Photographers, are YOU prepared with cyber insurance if you get “brandjacked”?

Posted by Grant Patten on May 26, 2020 8:07:38 AM


Front Row cyber insurance: brandjacking

Don’t think a cyber hack could happen to your photography business? Well, think again! Just look at the below real-life examples of photography business hacks to see how real this threat is:

Australian photography company – MailChimp account hacked

An Australian photography company’s MailChimp account was hacked in 2018. The hacker imported their spam list and proceeded to email fake invoices from the commandeered account. This is known as “brandjacking”, whereby a hacker assumes the online identity of a brand in order to leverage that business's brand equity for nefarious purposes.

The hacker sent hundreds of thousands of fake invoices to emails around the world, resulting in an unfortunate and embarrassing situation for this photography business. Some consumers who received the fake invoices even reported the business to the Communications & Media Authority.

Hopefully the business had cyber insurance. If they did, they would be able to cover the cost of a forensic investigation to determine how the hack occurred and how to stop it.

Australian photographer hit with ransomware

In 2017, another Australian photographer was hacked – this time hit with ransomware on his computer. He posted about his ordeal on the Digital Photography Review forum, writing, “I have been infected with some sort of virus that has encoded files on my computer – mainly my RAW photo files – and has encrypted them, so now I can't use them.”

Ransom note: Australian photographer hit with ransomwareThe hacker was demanding payment of 0.5 Bitcoin to access a “Decryptor” that would, ostensibly, unlock the photographer’s RAW photo files.

0.5 Bitcoin in Australian dollars (at the time of this writing) = $5,886. Certainly not inexpensive, but the reality is that – once hit with ransomware – you usually have a stark choice between either paying the ransom, or losing your files.

With cyber risk insurance in place, the included ransomware coverage would cover costs associated with investigating threats to commit cyber attacks and payments to those who threaten to obtain and disclose sensitive information.

London-based food photographer hacked

A London UK-based food photographer had his YouTube channel hacked in 2020, even though he had two-step authentication enabled! As he was using Google AdSense to monetize his YouTube videos, this potentially endangered his income.

The photographer theorizes that it was likely an email phishing scam that he fell for because he receives “100-200 messages a day.”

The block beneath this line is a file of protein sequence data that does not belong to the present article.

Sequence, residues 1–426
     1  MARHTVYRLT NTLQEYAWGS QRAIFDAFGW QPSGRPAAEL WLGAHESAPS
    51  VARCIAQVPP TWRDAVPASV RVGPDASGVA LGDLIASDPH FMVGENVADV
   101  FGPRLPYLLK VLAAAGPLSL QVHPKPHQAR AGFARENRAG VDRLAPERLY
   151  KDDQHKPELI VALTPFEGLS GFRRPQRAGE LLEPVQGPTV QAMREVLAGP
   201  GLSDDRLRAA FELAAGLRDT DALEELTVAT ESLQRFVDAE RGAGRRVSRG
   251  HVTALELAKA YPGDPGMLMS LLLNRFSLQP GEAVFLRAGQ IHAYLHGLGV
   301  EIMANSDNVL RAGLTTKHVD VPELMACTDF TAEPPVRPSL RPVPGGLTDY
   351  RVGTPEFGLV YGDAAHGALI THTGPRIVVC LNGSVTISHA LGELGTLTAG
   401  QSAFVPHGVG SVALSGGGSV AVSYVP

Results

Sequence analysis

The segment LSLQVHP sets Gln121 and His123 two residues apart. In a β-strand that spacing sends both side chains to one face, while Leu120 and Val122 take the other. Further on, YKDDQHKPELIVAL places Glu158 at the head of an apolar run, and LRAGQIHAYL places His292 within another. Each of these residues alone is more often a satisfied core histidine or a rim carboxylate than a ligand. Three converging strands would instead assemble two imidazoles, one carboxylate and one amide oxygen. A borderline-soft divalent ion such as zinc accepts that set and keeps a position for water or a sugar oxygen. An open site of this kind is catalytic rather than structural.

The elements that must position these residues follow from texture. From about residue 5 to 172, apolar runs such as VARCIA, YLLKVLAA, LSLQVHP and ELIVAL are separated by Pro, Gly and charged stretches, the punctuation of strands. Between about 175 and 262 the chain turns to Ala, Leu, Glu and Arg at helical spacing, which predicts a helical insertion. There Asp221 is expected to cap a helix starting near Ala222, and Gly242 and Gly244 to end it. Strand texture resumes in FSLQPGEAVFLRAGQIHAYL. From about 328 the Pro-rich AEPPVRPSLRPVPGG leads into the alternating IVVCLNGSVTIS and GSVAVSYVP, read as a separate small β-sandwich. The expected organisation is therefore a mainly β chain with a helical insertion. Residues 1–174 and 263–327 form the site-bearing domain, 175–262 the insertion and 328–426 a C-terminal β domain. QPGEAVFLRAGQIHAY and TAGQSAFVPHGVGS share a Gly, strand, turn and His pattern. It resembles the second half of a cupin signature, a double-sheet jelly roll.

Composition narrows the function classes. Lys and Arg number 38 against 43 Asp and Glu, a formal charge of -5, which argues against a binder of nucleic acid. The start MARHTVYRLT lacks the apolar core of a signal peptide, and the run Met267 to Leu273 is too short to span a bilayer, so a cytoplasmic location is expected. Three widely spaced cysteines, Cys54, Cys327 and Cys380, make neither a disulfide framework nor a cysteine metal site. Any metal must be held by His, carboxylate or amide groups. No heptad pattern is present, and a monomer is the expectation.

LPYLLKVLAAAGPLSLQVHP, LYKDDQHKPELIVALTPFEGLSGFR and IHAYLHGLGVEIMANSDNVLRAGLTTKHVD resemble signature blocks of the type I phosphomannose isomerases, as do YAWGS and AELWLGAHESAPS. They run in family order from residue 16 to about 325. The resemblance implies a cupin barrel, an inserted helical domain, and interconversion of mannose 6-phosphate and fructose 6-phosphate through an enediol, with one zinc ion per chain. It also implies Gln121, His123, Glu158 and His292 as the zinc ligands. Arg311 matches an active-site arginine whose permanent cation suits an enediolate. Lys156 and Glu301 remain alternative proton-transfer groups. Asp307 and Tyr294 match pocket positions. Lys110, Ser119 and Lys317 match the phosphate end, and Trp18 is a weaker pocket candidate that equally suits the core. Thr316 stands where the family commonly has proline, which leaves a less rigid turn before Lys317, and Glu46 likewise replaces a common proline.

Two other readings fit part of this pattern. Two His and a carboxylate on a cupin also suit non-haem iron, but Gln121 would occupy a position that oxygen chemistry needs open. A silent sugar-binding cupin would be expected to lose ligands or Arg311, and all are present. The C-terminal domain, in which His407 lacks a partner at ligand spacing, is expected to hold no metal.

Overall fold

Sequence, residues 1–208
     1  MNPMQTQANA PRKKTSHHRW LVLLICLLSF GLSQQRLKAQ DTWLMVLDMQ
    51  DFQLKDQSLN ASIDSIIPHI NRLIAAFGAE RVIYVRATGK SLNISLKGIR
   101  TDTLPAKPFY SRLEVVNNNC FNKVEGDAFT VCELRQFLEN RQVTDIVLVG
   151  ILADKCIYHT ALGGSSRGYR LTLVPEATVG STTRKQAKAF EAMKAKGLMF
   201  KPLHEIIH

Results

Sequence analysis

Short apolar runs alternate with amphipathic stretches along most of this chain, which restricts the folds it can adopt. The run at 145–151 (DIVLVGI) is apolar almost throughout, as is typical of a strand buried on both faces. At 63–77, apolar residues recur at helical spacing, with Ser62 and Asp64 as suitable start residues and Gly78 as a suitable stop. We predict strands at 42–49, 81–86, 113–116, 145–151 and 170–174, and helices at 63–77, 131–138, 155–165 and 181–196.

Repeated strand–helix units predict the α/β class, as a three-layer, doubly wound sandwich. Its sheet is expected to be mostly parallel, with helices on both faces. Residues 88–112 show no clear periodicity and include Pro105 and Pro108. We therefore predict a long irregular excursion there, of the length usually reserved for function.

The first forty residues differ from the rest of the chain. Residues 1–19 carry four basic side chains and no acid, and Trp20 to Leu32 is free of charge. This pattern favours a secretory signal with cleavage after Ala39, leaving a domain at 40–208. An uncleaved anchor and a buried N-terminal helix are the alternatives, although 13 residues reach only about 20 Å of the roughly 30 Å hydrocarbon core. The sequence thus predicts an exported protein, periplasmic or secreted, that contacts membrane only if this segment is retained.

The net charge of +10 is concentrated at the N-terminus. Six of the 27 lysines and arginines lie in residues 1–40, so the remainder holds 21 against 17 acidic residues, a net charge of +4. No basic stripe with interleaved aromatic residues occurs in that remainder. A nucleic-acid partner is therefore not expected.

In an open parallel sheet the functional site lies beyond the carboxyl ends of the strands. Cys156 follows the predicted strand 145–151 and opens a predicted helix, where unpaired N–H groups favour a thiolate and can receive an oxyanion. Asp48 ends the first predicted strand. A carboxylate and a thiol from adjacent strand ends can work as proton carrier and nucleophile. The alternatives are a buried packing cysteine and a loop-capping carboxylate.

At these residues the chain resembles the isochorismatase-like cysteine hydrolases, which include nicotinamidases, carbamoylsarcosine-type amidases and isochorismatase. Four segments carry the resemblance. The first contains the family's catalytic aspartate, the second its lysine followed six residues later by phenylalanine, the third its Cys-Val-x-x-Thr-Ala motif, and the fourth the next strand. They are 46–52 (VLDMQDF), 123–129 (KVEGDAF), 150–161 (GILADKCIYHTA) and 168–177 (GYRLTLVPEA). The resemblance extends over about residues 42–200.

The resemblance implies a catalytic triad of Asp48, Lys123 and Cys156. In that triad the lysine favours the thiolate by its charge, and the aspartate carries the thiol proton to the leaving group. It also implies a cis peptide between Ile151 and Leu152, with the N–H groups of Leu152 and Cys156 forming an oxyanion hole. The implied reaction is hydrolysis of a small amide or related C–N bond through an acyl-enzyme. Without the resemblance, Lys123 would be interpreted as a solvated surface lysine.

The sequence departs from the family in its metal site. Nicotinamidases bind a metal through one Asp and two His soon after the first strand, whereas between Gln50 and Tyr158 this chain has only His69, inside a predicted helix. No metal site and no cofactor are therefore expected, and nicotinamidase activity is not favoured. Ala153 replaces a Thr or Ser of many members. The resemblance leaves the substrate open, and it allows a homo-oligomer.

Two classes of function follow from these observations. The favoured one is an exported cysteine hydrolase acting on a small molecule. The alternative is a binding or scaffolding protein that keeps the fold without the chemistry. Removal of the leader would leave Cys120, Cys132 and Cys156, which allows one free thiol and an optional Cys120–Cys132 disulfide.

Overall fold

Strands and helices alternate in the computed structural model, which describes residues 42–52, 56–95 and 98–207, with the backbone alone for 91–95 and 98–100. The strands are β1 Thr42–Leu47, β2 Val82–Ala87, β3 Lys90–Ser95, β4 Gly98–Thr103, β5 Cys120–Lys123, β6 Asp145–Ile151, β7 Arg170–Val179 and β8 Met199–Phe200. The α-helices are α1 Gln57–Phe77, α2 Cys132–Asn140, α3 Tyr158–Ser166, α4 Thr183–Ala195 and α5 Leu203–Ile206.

However, with cyber insurance in place, he wouldn’t have to theorize – the insurance would cover the cost of a forensic investigation to determine how, exactly, this happened. Cyber insurance would also include business interruption to cover lost income from the AdSense account.

Swiss photographer Facebook Page hack

In 2019, a popular Swiss photographer’s Facebook Page was hacked and used to scam hundreds of people! He was eventually able to regain access to his Page, but not before many of his followers were tricked out of their hard-earned money. When something like this happens, it is entirely conceivable that the scammed individuals may decide to sue for damages.

Cyber liability insurance includes first-party and third-party cyber liability coverage. The third-party coverage would be particularly useful in this case, as it covers against lawsuits from third parties (e.g., customers) due to a cyber attack on a business.

Portland-based photo business websites hacked

A Portland-based photographer tried logging into her business WordPress websites one day in 2017, only to realize that they had been hacked.

The hacker had sent 60,000 emails from the photographer’s email address.

The photographer called a website security firm to help her resolve the issue. The security firm quoted her at $275 USD per month to help her. With cyber insurance in place, you wouldn’t have to frantically call up random security firms you find on Google. You would simply file a claim and the forensic investigation process would then kickoff.

Ultimately, we’re not sure if any of the above-mentioned photography businesses had cyber liability insurance in place, but it certainly would have been advisable to have such a policy, in all cases.


Cyber hack insurance for photographers is designed to protect them from certain losses associated with data breaches and hacks. After a hack, there are costs you will likely incur, including (but not limited to):

  • notifying customers that their information has been stolen
  • paying to restore or recover the stolen data
  • paying to conduct an investigation to determine what happened
  • losing money from business interruption
  • potentially having to reshoot many photos since they’re now under the control of hackers


Hack insurance can help with expenses associated with managing a hack, such as incident response and data recovery expenses.

PROTECT your data: If you’re a photographer, the second-most important object you own, next to your camera, is likely your computer. Your computer/laptop is, no doubt, essential to your photography business operations.

Not only is your work stored on your computer, you may also have accounting and client personal information on there. If you suffer a hack, your insurance can help you manage the costs associated with the loss. Front Row's cyber hack insurance policy starts at just $300 CAD annually and includes comprehensive cyber coverage with limit options up to $1,000,000.

90% of small businesses in Canada do not have Cyber Insurance: take a few minutes to protect your photography business that has taken you so long to establish.

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Topics: photography insurance, Cyber Insurance